From vegan fare to pea protein, here’s what we’re eating in 2020.3rd Feb 2020
Goodbye, fussy foams. Sayonara, gel and flavoured air (what was that, anyway?). According to South Africa’s leading foodies, this year ushers in a new era that emphasises the basics – perhaps less fancy, but infinitely more authentic.
It’s a woke new world. As environmental activists like the teenage Greta Thunberg gain more airtime, an increasing number of consumers are taking a look at the impact of their actions. Foodwise, this means that veganism is on the increase, says Chef Eoin Shiell, a lecturer at Capsicum Culinary Studio, adding that top chefs and restaurants are beginning to take note. That’s why we’re seeing a growing demand for ingredients like quinoa, tofu and soya, along with milk substitutes, notes Ruth Marova, a graduate of the Private Hotel School who now works at Reuben’s; and celebrity chef Jenny Morris, also known as the Gigging Gourmet, says that the star foods of the year will include seaweed, jackfruit (an excellent meat replacement), fonio, a protein-rich grain from West Africa, and interesting butters made from nuts. She also predicts a greater number of flexitarians (vegetarians who occasionally give in to their craving for biltong), while most eateries bid single-use plastics a less than fond farewell.
There is a caveat to all of this meat-free munching, however. So says Jackie Righi-Boyd of Dolci Café, who observes that the vegan community has become aware of the unhealthy ingredients included in many replacements for animal products. Consequently, these will fall away as conscious munchers decide to ‘eat clean’ instead.
Linked to the environmental trend, Righi-Boyd says that people are moving back to what’s been produced locally and what’s in season, rather than eating ingredients that have spent five weeks in a container on the way from another part of the world.
Say cheese …
Not the ingredient, but the photo fixer. Shiell says that, as user content continues to proliferate, we can expect to see more social media feeds crammed with posts of ‘doesn’t this look delicious’ plates – which means that the pressure is on chefs to turn out dishes that look even better than they taste. This translates to highly colourful, very well plated food …
All about the flavour
… But being pretty isn’t enough. Thanks to food shows like Chef’s Table, Ugly Delicious, Hell’s Kitchen and The Final Table, highlighting delicacies from around the world, the South African palate is becoming far more adventurous. ‘We’re more informed about food and more likely to try out food markets and ask about ingredients and where our food comes from. At the same time, we’re eating bigger, bolder flavours,’ says Shiell. Righi-Boyd agrees. ‘Food right now is about the enjoyment of the flavour. Let a tomato be a tomato and let the ingredient shine for what it is.’ Marova also applauds the cult of simplicity. ‘Simplicity has always been the ultimate sophistication, but it seems to be making its way back into the industry. Plating skills and techniques have evolved over the years, but 2020 heralds the return of the use of colour and building amazing flavour profiles on plates.’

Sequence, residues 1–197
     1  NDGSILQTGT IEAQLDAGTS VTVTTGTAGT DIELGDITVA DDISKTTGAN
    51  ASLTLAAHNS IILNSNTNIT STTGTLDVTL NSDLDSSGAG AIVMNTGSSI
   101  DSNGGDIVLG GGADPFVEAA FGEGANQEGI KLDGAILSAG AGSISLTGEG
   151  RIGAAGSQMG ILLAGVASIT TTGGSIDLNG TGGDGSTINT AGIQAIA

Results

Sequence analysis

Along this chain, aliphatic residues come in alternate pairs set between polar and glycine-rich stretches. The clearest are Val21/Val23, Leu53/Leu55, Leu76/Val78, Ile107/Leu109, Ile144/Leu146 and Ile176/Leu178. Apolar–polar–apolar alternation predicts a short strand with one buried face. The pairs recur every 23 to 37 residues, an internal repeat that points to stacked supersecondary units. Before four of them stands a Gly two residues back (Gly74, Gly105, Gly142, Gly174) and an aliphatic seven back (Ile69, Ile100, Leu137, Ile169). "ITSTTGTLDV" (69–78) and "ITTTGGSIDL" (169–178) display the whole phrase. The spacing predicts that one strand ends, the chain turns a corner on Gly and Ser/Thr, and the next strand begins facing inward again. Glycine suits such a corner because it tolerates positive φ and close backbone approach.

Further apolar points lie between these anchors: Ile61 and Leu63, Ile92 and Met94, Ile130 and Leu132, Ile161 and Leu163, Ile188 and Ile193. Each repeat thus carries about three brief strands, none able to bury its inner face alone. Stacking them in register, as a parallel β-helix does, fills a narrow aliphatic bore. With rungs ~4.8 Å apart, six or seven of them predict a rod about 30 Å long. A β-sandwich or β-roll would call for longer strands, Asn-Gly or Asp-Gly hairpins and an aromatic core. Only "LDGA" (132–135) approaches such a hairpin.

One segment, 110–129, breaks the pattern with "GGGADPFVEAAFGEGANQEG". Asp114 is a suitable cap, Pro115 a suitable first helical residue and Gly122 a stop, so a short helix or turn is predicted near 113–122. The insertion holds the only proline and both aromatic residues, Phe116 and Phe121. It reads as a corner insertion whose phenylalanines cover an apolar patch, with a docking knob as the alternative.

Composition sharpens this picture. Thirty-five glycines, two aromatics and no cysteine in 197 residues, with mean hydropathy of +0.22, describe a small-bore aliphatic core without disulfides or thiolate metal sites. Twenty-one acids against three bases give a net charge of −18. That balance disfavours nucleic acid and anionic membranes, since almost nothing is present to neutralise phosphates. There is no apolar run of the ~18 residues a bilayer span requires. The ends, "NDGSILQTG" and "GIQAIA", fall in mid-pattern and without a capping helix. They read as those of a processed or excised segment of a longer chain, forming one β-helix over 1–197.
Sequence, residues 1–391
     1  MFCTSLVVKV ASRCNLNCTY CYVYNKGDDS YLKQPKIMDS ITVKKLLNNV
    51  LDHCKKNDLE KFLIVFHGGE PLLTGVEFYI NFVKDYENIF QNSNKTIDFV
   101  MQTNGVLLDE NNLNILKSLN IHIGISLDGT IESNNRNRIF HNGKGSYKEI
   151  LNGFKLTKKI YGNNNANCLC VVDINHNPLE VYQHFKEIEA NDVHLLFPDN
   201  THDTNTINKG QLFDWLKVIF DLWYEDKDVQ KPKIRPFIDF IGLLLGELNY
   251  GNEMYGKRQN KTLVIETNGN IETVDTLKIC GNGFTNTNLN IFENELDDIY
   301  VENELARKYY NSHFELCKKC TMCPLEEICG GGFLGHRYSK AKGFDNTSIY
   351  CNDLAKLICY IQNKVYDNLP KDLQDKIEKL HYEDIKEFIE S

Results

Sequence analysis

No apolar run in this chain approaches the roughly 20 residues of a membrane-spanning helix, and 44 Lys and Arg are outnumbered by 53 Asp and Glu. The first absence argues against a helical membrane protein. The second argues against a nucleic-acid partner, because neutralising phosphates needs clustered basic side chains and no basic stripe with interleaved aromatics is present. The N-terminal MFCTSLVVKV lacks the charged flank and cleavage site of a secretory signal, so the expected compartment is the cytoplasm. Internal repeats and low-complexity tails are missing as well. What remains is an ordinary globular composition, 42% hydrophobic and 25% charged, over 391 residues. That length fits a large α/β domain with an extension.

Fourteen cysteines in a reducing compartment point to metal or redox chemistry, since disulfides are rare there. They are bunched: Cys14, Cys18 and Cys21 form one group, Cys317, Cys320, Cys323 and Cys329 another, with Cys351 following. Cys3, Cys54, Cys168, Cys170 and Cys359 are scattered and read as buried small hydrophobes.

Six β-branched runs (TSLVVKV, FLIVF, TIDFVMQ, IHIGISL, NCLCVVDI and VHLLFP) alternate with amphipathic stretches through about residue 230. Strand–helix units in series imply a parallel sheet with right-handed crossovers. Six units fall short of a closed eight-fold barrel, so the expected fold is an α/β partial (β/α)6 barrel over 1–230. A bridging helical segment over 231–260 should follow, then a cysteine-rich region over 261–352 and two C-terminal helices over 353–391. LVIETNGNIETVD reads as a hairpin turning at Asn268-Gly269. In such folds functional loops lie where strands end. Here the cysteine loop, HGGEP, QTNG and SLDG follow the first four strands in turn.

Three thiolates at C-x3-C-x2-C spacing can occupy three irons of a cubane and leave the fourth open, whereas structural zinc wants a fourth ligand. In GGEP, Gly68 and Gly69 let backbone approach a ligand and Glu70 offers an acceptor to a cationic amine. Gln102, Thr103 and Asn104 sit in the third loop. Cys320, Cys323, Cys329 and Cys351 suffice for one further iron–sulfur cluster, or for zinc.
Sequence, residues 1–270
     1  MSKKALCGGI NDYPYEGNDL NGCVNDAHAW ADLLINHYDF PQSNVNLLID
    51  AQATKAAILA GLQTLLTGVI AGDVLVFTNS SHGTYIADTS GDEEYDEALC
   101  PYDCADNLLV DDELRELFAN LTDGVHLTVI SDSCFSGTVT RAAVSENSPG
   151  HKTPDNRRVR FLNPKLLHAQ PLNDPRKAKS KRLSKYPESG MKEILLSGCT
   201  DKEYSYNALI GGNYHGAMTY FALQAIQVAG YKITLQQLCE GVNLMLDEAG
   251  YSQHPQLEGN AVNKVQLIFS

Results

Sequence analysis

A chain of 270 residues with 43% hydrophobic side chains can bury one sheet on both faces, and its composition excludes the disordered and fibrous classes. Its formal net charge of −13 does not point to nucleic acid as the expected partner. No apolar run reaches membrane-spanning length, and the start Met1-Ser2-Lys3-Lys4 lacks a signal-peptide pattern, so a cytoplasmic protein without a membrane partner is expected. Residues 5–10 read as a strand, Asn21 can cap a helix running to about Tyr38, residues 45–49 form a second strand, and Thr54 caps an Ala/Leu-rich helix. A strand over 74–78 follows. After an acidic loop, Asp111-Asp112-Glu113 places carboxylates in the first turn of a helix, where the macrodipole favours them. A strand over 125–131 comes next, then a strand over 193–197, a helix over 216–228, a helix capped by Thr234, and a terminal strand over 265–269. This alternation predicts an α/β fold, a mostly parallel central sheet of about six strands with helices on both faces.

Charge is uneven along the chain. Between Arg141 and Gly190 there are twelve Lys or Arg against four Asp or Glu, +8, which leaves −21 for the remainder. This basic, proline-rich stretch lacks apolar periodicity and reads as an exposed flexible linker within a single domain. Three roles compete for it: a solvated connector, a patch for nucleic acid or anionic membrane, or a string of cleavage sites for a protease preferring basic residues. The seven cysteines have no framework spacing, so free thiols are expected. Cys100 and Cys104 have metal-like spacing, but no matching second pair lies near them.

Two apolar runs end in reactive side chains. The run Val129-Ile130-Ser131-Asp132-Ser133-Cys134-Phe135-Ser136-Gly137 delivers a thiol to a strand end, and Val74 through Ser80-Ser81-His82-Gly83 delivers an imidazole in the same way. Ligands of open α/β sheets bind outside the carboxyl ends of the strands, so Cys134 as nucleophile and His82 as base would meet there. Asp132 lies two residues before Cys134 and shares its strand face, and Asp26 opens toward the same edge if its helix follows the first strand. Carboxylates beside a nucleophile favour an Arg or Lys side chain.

Your nursery school teacher would be proud: small plates, to be passed around, turn a meal into an interactive experience that allows everyone to try (and talk about) all the different tastes on the table.
Sugar’s reputation as the ultimate health villain is set to continue, predicts Marova – and alcohol isn’t far behind it. Non-alcoholic mocktails are replacing boozy favourites (Morris says that coffee-flavoured cocktails are set to be the next big thing), and with this comes an interest in non-alcoholic beverage and food pairings. Fermentation, a trend that started last year, will also be on the rise as more people take an interest in eating for wellness.
What else to look out for
Stock your fridge with cauliflower, kale and Brussels sprouts, says Morris, or go retro with lasagne, everyone’s ‘new’ old favourite.
Finally, says Morris, your best restaurant may not be a restaurant at all, but a ‘ghost kitchen’ – an eatery that exists solely as a delivery or pick-up restaurant, without an in-house dining option.